Stepan Parunashvili
Stepan's Story

Stepan joined Watsi on June 5th, 2016. 10 other people also joined Watsi on that day! Stepan's most recent donation supported Asa, a girl from Cambodia, to fund tonsil surgery.


Stepan has funded healthcare for 18 patients in 8 countries.

patients you have funded

Kaw We is a 19-year-old Buddhist monk from a village in Burma. Kaw We currently lives and studies at the monastery in his village. His parents grow rice, and they pay rent for the land with half of their harvest. Kaw We is the youngest sibling in the family and has three older brothers and three older sisters. Kaw We has experienced uncomfortable urinary symptoms since he was a toddler. For most of his life, he relied on traditional medicine, which helped to alleviate the symptoms temporarily. Kaw We's family did not seek treatment at a hospital, assuming his condition was merely an annoyance and hoping to avoid the cost of modern medicine. With help from traditional medicine, Kaw We began to work on the family paddy field. Recently, however, Kaw We's symptoms worsened. He developed a fever, his face swelled, and he felt sharp pain in his abdomen. Traditional medicine no longer helped. Kaw We’s family learned from fellow villagers about our medical partner's clinic in Thailand. They decided to cross the border, traveling three hours to seek care for Kaw We’s condition. The family arrived on September 12, 2016. After several tests, Kaw We was diagnosed with a bladder stone. On October 31, 2016, doctors at our medical partner's hospital, Mae Sot General Hospital, performed a cystolithotomy surgery to remove the stone. Now, Kaw We's family needs help to pay for this life-changing procedure. “I would like to continue to be a monk," says Kaw We. "I am now more worried about my current condition, and my only hope is that it can be fully cured."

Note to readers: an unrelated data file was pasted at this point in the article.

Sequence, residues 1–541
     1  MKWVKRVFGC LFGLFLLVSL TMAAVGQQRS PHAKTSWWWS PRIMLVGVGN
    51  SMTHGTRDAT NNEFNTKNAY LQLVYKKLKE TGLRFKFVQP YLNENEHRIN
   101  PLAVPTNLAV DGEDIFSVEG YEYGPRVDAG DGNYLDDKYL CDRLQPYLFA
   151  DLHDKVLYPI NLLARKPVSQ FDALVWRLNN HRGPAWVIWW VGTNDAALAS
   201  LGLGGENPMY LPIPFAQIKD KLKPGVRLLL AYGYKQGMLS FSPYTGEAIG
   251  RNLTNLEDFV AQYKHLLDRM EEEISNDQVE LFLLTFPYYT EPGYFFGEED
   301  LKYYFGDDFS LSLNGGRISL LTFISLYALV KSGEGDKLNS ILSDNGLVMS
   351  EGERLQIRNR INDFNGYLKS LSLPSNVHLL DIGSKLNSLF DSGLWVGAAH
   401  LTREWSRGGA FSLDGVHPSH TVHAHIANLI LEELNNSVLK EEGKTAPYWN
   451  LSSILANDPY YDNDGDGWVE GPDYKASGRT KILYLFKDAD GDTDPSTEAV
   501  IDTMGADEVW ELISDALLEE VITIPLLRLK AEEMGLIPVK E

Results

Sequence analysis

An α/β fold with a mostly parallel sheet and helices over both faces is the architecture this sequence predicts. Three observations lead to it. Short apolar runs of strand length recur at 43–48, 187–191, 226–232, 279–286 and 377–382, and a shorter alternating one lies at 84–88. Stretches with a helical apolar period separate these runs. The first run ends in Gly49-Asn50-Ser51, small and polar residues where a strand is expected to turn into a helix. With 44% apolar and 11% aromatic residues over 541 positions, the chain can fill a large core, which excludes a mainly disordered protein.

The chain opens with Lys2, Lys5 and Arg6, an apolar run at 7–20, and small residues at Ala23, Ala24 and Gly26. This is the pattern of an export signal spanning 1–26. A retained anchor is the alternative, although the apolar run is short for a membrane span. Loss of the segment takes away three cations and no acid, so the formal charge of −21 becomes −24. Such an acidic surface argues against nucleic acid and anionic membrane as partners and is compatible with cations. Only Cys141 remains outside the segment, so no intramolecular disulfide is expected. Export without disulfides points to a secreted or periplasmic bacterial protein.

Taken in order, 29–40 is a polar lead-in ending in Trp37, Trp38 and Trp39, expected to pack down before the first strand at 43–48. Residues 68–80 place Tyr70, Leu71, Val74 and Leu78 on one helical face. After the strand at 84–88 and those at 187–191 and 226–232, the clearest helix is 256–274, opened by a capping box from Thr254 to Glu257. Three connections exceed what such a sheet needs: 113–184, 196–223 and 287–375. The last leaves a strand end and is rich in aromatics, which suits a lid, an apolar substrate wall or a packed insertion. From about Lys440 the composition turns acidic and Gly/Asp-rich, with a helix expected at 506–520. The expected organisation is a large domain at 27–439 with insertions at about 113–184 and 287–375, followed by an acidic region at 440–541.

Fully funded

35-year-old Maria has been a patient in a diabetes program for over two years now, and recently found out that she was pregnant. Since she is diabetic, blood sugar control as well as regular appointments with an obstetrician in a hospital are incredibly important to prevent life-threatening complications. She is now about 23 weeks pregnant, entering into the most risky period of her pregnancy. Maria lives with her spouse, her son, and her mother-in-law in a small adobe house with a tin roof. She is from a rural village in the mountains of Guatemala. This means that she lives far away from a hospital, and speaks little Spanish, the only language spoken in hospitals. She weaves traditional Maya blouses. She also raises rabbits and chickens to be able to buy food when her husband is without work. Her husband works as a day laborer, making little money each day there is work. This means that the costs of transport to the hospital, medications, and labs are far out of reach for their family. $281 will provide transport for Maria from her house to the hospital, translation and advocacy services for her while she's in the hospital, and the labs and medications she needs to prevent life-threatening complications for her and her baby. A medical team will work with her to make a birth plan so her and her family will feel comfortable going to the hospital to give birth, allowing her to receive life-saving care. Maria says, "I am happy with my family and my new pregnancy. I will do my part so that everything turns out well."

Fully funded